New answers tagged

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If you want an external machine on your LAN to access Privoxy you must do the following steps: Options -> Edit Main Configuration -> config.txt -> 4.1. listen-address -> add a listen address for the computer running Privoxy so it will be available to external machines (eg listen-address 192.168.0.1:8118) Save config.txt Restart Privoxy Set each device ...


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As jehon already answered, you can disable the Internet connection for all MS-Office 2013 products (Word, Excel etc...) by using the following Regedit file: Windows Registry Editor Version 5.00 [HKEY_CURRENT_USER\Software\Microsoft\Office\15.0\Common\Internet] "UseOnlineContent"=dword:00000000 But for me it was not enough and as some other commented, ...


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Yes, if you are concerned about government level surveillance the problem you identified is a very real threat. Normally what someone will do in this situation is boot in to a "clean" OS that has no personal identifying information on it (Tails is a good example of this) and only use it for that anonymous communication. You could do it with Windows, it is ...


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There is a famous saying that "The Internet interprets censorship as damage and routes around it" You have mentioned some of the tools that have been used to do that rerouting, usually by hiding inside some other form of networking communication that is not censored. At least not yet. That's why its often referred to as tunneling. To cover all the ways ...


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There is now a Google DataSaver proxy for Firefox extension posted in the Mozilla Add-ons website. Google data compression proxy for Firefox-enables the DataSaver feature for Firefox


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As far as I know, localhost and 127.0.0.1 are in the exception list (No proxy for... in Options, Advanced, Network, Settings) Try to remove them!


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I had specifically this problem and couldn't find an easy to use solution. Basically the approach is still to set up SOCKS server in the VPN server. I've made this Docker image to make it actually usable https://hub.docker.com/r/kizzx2/openvpn-client-socks/ Start that and then set your browser to use SOCKS proxy at local.docker:1081 Most applications can ...


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You need to put something in the "Router" box in the network settings! Even if you don't have a router (because you only go through a proxy) it needs something in there! Try it and let me know if you get the same results on El Capitan.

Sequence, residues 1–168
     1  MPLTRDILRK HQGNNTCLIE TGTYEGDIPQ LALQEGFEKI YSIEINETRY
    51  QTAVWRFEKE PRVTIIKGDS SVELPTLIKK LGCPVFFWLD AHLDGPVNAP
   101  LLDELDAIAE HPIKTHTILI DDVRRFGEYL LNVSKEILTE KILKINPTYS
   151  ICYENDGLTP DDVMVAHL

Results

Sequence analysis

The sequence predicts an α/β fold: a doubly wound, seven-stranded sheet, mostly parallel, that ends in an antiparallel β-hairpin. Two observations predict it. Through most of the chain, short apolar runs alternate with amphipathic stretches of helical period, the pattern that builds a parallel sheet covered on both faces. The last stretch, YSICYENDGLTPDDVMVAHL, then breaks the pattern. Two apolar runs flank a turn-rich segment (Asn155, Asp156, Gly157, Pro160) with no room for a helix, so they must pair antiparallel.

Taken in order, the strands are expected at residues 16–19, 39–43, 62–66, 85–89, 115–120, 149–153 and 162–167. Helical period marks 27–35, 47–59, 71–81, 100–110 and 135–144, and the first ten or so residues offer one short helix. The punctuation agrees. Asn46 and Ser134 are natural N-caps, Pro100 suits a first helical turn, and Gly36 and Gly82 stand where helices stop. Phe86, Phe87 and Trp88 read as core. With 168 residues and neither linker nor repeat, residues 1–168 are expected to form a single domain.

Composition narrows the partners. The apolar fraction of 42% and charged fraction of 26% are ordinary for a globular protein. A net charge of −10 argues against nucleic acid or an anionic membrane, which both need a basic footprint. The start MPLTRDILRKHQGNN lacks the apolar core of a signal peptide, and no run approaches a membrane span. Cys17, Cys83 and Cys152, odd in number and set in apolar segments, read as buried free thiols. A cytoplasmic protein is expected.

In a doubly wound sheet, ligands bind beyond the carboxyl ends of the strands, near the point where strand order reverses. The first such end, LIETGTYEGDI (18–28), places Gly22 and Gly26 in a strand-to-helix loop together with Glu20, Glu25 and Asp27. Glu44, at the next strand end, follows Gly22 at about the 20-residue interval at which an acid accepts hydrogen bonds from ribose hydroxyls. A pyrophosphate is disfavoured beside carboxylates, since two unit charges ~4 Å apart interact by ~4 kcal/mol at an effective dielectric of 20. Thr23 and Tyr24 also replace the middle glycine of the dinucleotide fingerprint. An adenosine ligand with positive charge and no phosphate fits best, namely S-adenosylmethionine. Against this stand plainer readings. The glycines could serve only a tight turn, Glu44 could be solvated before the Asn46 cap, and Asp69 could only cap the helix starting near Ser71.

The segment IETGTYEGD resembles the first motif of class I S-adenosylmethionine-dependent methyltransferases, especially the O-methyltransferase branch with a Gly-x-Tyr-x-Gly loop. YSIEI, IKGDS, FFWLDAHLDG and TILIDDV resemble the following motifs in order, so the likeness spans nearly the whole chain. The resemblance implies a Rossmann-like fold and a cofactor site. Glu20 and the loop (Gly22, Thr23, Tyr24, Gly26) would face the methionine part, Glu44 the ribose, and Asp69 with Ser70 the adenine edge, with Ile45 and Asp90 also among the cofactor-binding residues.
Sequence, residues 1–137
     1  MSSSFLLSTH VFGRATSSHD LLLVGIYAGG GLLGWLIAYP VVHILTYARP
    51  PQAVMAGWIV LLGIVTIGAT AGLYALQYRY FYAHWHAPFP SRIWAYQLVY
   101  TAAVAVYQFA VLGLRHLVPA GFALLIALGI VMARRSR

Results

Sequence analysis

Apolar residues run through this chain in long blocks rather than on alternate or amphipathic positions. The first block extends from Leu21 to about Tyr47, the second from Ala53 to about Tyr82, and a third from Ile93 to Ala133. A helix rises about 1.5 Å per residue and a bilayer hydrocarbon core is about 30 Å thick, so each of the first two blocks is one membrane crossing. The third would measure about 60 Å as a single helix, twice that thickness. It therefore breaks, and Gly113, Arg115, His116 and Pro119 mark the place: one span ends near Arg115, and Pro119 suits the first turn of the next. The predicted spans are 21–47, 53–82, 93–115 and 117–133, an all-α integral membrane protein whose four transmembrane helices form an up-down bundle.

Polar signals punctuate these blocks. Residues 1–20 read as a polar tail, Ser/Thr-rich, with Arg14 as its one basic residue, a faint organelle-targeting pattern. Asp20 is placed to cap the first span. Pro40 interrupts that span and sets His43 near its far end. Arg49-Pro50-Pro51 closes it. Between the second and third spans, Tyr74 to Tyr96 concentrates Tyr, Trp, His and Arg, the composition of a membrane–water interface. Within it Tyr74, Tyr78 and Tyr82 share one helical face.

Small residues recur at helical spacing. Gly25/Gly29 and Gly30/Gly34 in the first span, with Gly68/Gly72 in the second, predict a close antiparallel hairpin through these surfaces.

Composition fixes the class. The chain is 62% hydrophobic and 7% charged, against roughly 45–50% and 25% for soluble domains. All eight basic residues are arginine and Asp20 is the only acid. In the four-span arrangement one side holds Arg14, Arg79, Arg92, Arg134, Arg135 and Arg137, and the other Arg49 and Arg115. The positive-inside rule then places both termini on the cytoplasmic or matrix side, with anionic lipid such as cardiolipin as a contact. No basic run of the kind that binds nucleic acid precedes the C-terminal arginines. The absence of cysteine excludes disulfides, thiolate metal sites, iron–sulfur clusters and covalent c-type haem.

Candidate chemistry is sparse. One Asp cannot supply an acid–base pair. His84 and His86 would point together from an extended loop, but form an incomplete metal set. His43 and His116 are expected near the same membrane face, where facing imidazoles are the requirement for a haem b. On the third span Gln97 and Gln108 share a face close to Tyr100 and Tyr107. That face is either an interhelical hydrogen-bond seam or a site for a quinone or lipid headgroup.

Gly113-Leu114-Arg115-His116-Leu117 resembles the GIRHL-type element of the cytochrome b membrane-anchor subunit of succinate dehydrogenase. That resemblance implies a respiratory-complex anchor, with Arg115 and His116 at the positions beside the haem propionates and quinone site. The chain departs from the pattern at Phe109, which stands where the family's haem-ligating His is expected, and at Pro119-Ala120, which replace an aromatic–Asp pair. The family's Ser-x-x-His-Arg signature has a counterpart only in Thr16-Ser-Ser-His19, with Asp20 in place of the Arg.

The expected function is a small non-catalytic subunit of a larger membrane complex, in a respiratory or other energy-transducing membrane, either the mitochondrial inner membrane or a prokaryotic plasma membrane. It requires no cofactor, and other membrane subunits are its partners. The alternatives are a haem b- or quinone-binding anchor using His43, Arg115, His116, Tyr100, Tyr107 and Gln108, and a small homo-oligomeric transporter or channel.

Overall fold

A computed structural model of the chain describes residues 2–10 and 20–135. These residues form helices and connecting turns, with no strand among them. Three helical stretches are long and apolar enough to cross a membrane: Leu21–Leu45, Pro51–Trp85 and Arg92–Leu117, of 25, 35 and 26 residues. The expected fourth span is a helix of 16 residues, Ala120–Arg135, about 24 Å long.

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If looking just a little bit further (one click) from the article you refer to one will find the documentation of all parameters usable for http_port, which includes: key= Path to SSL private key file (PEM format) if not specified, the certificate file is assumed to be a combined certificate and key file.


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Looks like bouncers could be considered layer 7 proxies. They manage an application layer connection downstream and provide an application connectivity endpoint upstream. So the proxy itself can stay connected even when the user is not. This could provide a number of services such as logging, notification, and presence even in the face of poor or irregular ...


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If the browser and curl both use the proxy, your client will send the HTTP request "as is" and DNS resolution will be performed by the proxy. When you ping, nothing will be sent to the proxy so your client is responsible for performing DNS resolution. It sounds like you are unable to perform DNS resolution from your client. Perform a few basic nslookup ...


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Try this: Launch IE8 Tools > Internet Options > 'Restore advanced settings' and 'Reset Internet explorer settings'. Restart IE8


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I found another possible solution posted by a James Faction: Under Options → Save: Tick "Don't show the Backstage when opening or saving files" and UNtick "Show additional places for saving, even if sign-in may be required".


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Note the following: Proxy auto-configuration files do not support hard-coded usernames and passwords. There's good reasoning behind this too, since providing support for hard-coded credentials would open up significant security holes, as anybody would be able to easily view the required credentials to access the proxy. Rather configure the proxy as ...


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Ok. I had the feeling that it needs some extra care, but just tested with local and dynamic port forwarding (on command-line, to the target host) and it works just fine for me. Forwarding to jumbox only might need special care, because this connection goes only through, or you might not have enough permissions. Verifying the logs with added LogLevel DEBUG3 ...


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It depends how you configured your proxy in the first place. You could check if you previously specified the proxy settings in an apt config file, using this: grep 'https*::Proxy' /etc/apt/ -i -r Alternatively, if your proxy settings were placed in /etc/sudoers then you can't disable them before running sudo. You should either run sudo visudo to remove ...



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